A Conversation with Dr. Donna Elam,
Elam Leadership Institute
Equity of Effort: A New Habit of Mind
Dr. Donna Elam’s opening keynote at the 2022 RISE Conference, on Equity and Effort as a New Habit of Mind, resonated with all of us. Why? Why shall we talk about equity as effort, and as a habit of mind?
“The words ‘equity’ and ‘effort’ were deliberately selected to enable educators to understand creating a learning environment that to impact equitable outcomes and opportunities for all groups of students must be intentional. This intentionality establishes a perspective that becomes a habit, a habit of mind,” explains Dr. Elam during our zoom conversation a few days ago. She emphasizes that the word ‘habit’ implies practices done, routinely and purposefully. Therefore, there is an intentional effort to implement equitable practices.
Prompted by this succinct but powerful response, the conversation soon shifted to the stories behind the success of schools and districts nationwide that have resulted from the implementation of research-based practices in equity, which are summarized in Dr. Elam’s Equity Framework, detailed below.
Education & Career
Dr. Elam’s clear and apparently simple affirmation about making the equity perspective a habit of mind is based on her extensive work with schools and school districts nationwide, and her own research.
Dr. Donna Elam is the founder of the Elam Leadership Institute and serves as a senior advisor for equity at the federally funded National Comprehensive Center at Westat, which assists regional centers, states, and local clients to address priority needs and tackle high-leverage challenges in education.
Dr. Elam's formal education took place in Catholic schools in New York and she graduated Magna cum Laude from York College, majoring in elementary education and specializing in early childhood. She received both her Master and Doctoral degrees from New York University. Throughout her professional career, she has worked to dismantle educational systems cited for discrimination against children of color. Dedicated to public service, spirituality, and humanitarianism, her leadership model is infused with hope. Educators can learn how to lead towards critical social justice through persistence, connectivity, and the dialectical purposes of service and leadership from her pedagogy of struggle.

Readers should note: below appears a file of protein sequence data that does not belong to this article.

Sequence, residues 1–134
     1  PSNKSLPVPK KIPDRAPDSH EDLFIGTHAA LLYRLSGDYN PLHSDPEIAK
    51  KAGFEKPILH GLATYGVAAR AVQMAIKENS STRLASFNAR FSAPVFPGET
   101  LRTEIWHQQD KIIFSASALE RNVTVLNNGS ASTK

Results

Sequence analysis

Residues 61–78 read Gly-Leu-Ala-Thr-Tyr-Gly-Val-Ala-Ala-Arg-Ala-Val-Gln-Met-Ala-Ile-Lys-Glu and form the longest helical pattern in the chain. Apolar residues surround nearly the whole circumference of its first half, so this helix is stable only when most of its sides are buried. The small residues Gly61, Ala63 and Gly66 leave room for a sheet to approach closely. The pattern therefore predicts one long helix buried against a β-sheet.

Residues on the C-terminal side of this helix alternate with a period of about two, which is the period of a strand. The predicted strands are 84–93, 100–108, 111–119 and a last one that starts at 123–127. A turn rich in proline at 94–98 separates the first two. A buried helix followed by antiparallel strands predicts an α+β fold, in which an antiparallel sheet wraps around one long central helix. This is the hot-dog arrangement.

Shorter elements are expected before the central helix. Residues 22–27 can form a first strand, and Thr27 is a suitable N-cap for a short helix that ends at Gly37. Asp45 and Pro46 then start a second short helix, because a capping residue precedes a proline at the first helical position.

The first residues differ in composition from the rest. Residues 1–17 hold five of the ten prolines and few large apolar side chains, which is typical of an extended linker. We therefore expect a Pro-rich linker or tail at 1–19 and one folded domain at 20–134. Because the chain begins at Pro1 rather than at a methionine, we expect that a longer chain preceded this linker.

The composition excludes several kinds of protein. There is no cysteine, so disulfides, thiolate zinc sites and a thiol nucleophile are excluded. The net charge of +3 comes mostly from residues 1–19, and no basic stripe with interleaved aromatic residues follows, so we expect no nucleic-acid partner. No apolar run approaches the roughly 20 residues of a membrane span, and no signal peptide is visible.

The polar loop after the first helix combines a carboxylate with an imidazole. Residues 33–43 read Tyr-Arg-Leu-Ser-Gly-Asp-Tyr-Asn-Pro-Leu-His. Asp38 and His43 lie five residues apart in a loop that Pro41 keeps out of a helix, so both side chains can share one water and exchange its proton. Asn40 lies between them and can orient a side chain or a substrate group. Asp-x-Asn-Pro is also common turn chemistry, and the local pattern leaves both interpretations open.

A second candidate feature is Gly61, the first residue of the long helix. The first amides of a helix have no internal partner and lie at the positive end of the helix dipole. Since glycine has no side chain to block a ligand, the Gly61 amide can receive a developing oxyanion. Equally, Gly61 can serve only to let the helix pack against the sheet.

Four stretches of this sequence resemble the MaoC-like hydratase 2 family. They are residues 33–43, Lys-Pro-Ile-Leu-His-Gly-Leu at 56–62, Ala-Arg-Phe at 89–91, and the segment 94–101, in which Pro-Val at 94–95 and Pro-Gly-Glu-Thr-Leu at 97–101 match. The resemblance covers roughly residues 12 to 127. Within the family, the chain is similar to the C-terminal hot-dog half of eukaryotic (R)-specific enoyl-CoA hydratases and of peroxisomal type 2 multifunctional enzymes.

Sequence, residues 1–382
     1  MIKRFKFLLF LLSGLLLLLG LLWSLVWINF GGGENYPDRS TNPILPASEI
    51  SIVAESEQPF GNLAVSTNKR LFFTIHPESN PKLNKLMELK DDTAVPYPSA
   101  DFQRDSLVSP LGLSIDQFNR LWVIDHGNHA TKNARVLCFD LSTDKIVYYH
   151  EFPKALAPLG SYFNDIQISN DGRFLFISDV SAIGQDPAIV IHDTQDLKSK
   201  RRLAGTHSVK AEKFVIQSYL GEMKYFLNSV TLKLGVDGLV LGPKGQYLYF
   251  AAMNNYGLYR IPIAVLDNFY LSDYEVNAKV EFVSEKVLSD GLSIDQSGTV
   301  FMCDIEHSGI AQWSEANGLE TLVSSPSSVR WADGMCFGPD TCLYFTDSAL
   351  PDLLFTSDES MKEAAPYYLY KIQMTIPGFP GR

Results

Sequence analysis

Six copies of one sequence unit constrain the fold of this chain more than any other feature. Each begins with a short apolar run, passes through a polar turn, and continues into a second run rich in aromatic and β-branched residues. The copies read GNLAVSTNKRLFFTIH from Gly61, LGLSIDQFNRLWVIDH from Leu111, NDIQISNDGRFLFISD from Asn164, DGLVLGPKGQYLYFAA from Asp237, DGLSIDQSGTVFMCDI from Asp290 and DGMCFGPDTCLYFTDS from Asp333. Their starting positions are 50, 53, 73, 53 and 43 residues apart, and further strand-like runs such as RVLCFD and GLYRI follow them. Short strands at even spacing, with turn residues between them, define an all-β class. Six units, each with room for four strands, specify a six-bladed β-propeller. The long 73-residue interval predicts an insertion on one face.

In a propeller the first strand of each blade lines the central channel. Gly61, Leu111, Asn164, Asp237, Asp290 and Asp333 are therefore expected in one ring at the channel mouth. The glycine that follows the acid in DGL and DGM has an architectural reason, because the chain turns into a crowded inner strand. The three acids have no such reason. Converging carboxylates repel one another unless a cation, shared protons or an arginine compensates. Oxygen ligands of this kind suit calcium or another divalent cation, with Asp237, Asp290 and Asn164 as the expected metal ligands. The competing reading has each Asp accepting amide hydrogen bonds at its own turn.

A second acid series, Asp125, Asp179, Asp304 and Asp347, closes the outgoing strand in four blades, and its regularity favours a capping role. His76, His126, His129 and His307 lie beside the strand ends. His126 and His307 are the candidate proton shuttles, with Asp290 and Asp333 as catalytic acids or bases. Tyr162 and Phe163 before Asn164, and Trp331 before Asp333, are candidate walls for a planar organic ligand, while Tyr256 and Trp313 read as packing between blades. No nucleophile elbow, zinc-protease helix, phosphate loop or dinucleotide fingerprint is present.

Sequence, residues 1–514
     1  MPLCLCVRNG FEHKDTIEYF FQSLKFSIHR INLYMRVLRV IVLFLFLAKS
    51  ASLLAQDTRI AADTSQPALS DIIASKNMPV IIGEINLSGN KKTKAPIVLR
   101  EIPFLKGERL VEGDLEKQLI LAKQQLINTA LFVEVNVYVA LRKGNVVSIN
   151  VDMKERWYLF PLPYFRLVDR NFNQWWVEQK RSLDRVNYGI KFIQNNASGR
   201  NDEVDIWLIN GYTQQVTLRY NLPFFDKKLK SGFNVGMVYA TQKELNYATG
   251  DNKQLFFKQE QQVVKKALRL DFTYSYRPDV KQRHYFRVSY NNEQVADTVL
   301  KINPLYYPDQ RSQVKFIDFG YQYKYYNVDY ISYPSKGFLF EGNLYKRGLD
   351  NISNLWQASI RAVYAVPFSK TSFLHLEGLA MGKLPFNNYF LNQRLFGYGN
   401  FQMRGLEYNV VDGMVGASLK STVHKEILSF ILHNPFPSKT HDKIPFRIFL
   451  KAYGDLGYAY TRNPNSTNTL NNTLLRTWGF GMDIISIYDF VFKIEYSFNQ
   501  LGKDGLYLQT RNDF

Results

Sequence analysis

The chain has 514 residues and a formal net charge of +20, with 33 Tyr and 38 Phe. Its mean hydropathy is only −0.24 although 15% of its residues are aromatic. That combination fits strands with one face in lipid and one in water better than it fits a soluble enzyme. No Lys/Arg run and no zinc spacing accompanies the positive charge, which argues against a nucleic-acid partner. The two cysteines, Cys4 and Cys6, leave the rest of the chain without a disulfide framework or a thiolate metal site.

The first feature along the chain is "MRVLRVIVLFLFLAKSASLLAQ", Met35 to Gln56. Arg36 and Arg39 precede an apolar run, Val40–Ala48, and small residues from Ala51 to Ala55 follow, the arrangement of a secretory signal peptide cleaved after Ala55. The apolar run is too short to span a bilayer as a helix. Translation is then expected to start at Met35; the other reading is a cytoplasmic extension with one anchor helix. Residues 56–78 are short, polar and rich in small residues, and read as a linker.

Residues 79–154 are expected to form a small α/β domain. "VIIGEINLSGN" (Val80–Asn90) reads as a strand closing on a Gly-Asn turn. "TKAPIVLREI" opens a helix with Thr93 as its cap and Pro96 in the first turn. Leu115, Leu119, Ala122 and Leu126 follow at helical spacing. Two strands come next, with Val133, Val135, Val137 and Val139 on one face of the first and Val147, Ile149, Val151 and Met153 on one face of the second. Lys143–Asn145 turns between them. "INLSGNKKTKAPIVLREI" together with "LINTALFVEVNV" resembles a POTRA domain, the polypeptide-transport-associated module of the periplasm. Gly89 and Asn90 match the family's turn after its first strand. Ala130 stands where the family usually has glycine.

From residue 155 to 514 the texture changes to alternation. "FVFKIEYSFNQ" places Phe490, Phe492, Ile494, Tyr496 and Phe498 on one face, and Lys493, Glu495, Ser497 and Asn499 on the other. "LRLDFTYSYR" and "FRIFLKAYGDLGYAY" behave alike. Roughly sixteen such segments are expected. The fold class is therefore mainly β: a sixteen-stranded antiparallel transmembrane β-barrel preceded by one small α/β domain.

Implementing Research-Based Practices in Equity
Dr. Elam’s Equity of Effort Framework uses an asset-based approach for an equity mindset that operationalizes leadership vision for equitable outcomes for all groups of students. To that purpose, educational leaders as well as teachers need to collect, analyze and reflect on data that pertain to student learning, perceptions we have about the students, their competence and performance, as well as the demographics. Some of the questions that educators need to address include:
At this point in our conversation, Dr. Elam proceeded to distinguish Equality from Equity. ”Equality, she observed, is a state of being the same or uniform, and although equality is beneficial, it does not address the specific needs of all groups of students. [Whereas] Equity takes existing inequalities into account to ensure all students are afforded the resources, access, and opportunities they need to be successful.”
The steps to implementing research-based practices in equity are:
Thank you, Dr. Elam, for your time and for your sharing wisdom.